Rails automatically loads all fixtures from the test/fixtures directory by default. Loading involves three steps:

  1. Remove any existing data from the table corresponding to the fixture
  2. Load the fixture data into the table
  3. Dump the fixture data into a method in case you want to access it directly

In order to remove existing data from the database, Rails tries to disable referential integrity triggers (like foreign keys and check constraints). If you are getting annoying permission errors on running tests, make sure the database user has privilege to disable these triggers in testing environment. (In PostgreSQL, only superusers can disable all triggers. Read more about PostgreSQL permissions here).

4.2.5 Fixtures are Active Record objects

Fixtures are instances of Active Record. As mentioned in point #3 above, you can access the object directly because it is automatically available as a method whose scope is local of the test case. For example:

# this will return the User object for the fixture named david

# this will return the property for david called id

# one can also access methods available on the User class
david = users(:david)

To get multiple fixtures at once, you can pass in a list of fixture names. For example:

# this will return an array containing the fixtures david and steve
users(:david, :steve)

5 Model Testing

Model tests are used to test the various models of your application.

Rails model tests are stored under the test/models directory. Rails provides a generator to create a model test skeleton for you.

$ bin/rails generate test_unit:model article title:string body:text
create  test/models/article_test.rb
create  test/fixtures/articles.yml

Model tests don't have their own superclass like ActionMailer::TestCase. Instead, they inherit from ActiveSupport::TestCase.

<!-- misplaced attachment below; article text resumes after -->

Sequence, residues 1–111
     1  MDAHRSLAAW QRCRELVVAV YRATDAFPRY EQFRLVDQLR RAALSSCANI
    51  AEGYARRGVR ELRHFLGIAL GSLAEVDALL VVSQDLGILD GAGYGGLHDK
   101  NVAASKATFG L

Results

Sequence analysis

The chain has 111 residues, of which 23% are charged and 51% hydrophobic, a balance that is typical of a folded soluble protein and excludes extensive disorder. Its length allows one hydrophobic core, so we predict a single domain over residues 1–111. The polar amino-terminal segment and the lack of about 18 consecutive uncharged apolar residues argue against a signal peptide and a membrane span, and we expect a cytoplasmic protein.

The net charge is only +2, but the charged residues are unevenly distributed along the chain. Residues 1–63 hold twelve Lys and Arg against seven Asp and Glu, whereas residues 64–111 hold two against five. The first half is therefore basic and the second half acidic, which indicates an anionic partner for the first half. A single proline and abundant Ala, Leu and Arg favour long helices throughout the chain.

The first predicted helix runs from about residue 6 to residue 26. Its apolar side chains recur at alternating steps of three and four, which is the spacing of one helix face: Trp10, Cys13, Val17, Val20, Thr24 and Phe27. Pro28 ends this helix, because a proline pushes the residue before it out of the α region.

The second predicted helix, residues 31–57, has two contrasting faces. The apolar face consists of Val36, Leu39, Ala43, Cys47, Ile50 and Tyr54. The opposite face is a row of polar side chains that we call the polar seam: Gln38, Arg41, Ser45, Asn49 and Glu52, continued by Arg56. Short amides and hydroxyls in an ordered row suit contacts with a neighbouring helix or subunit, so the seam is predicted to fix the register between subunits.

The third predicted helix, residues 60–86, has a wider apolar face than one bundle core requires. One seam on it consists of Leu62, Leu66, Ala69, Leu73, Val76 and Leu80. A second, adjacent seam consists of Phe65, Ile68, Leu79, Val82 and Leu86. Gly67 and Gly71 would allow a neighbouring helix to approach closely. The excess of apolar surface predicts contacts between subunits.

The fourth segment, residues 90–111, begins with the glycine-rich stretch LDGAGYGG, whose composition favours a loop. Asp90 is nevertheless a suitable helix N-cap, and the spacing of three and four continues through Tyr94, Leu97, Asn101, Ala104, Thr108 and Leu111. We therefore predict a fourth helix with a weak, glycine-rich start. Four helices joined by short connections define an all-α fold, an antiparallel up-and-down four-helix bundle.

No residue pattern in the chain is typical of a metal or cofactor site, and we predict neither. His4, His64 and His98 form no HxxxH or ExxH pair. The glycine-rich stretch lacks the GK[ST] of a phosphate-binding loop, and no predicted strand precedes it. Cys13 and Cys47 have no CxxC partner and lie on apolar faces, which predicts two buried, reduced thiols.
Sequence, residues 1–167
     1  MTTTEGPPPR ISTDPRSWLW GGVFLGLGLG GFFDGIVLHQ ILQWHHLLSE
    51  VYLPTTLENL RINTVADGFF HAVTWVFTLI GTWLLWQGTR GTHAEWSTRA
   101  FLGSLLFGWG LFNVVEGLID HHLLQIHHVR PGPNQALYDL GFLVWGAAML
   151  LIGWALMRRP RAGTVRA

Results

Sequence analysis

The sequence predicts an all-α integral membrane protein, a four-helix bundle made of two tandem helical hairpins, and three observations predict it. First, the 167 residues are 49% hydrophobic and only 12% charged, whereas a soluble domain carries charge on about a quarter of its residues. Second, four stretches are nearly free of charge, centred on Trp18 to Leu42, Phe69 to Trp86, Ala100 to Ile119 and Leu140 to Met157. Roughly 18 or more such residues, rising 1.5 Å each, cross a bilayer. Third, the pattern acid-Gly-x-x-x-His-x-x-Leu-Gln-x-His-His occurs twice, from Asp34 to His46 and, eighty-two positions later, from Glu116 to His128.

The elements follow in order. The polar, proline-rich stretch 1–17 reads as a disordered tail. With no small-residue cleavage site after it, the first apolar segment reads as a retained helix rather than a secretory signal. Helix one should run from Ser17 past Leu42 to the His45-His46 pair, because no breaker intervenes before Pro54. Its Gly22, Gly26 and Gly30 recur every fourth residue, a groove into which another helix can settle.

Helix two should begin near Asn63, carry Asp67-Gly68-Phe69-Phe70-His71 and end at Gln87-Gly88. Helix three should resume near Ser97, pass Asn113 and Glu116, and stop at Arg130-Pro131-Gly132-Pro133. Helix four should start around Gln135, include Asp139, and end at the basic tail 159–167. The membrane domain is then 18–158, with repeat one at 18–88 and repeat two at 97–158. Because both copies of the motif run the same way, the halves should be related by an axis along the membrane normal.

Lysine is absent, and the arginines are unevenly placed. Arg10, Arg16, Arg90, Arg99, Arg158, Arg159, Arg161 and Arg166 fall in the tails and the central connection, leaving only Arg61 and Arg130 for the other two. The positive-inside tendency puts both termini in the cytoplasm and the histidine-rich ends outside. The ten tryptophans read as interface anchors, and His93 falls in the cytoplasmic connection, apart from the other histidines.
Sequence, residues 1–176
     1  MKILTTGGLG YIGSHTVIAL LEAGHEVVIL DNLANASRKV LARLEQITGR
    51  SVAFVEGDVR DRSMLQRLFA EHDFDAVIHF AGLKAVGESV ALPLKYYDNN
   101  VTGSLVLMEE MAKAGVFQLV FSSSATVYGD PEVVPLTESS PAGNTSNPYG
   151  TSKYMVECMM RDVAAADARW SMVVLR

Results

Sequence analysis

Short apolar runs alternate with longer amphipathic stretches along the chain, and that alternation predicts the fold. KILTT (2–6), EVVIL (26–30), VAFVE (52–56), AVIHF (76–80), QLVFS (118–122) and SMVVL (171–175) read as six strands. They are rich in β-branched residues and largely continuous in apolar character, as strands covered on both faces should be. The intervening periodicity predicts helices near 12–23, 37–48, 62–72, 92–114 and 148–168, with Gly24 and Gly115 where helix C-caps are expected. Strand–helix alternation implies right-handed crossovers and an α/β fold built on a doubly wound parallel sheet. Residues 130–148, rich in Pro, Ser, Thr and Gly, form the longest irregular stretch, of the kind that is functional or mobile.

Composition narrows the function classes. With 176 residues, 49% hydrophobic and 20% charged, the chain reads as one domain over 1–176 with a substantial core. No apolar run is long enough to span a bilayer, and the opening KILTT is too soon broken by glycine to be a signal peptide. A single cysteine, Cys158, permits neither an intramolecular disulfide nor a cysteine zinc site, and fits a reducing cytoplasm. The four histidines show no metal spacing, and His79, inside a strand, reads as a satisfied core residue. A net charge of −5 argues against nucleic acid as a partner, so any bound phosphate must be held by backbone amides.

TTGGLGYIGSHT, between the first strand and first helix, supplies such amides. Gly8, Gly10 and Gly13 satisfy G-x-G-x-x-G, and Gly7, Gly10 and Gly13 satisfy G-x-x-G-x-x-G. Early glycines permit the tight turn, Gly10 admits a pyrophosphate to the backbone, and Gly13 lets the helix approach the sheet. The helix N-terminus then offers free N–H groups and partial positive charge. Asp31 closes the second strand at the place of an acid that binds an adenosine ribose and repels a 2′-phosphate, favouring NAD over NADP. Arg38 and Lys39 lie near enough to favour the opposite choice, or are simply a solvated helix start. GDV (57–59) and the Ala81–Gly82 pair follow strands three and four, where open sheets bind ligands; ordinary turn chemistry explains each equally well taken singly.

6 System Testing

System tests allow you to test user interactions with your application, running tests in either a real or a headless browser. System tests use Capybara under the hood.

For creating Rails system tests, you use the test/system directory in your application. Rails provides a generator to create a system test skeleton for you.

$ bin/rails generate system_test users
      invoke test_unit
      create test/system/users_test.rb

Here's what a freshly generated system test looks like:

require "application_system_test_case"

class UsersTest < ApplicationSystemTestCase
  # test "visiting the index" do
  #   visit users_url
  #   assert_selector "h1", text: "Users"
  # end

By default, system tests are run with the Selenium driver, using the Chrome browser, and a screen size of 1400x1400. The next section explains how to change the default settings.

6.1 Changing the default settings

Rails makes changing the default settings for system tests very simple. All the setup is abstracted away so you can focus on writing your tests.

When you generate a new application or scaffold, an application_system_test_case.rb file is created in the test directory. This is where all the configuration for your system tests should live.

If you want to change the default settings you can change what the system tests are "driven by". Say you want to change the driver from Selenium to Poltergeist. First add the poltergeist gem to your Gemfile. Then in your application_system_test_case.rb file do the following:

require "test_helper"
require "capybara/poltergeist"

class ApplicationSystemTestCase < ActionDispatch::SystemTestCase
  driven_by :poltergeist

The driver name is a required argument for driven_by. The optional arguments that can be passed to driven_by are :using for the browser (this will only be used by Selenium), :screen_size to change the size of the screen for screenshots, and :options which can be used to set options supported by the driver.

require "test_helper"

class ApplicationSystemTestCase < ActionDispatch::SystemTestCase
  driven_by :selenium, using: :firefox

If you want to use a headless browser, you could use Headless Chrome or Headless Firefox by adding headless_chrome or headless_firefox in the :using argument.

require "test_helper"

class ApplicationSystemTestCase < ActionDispatch::SystemTestCase
  driven_by :selenium, using: :headless_chrome

If your Capybara configuration requires more setup than provided by Rails, this additional configuration could be added into the application_system_test_case.rb file.

Please see Capybara's documentation for additional settings.

6.2 Screenshot Helper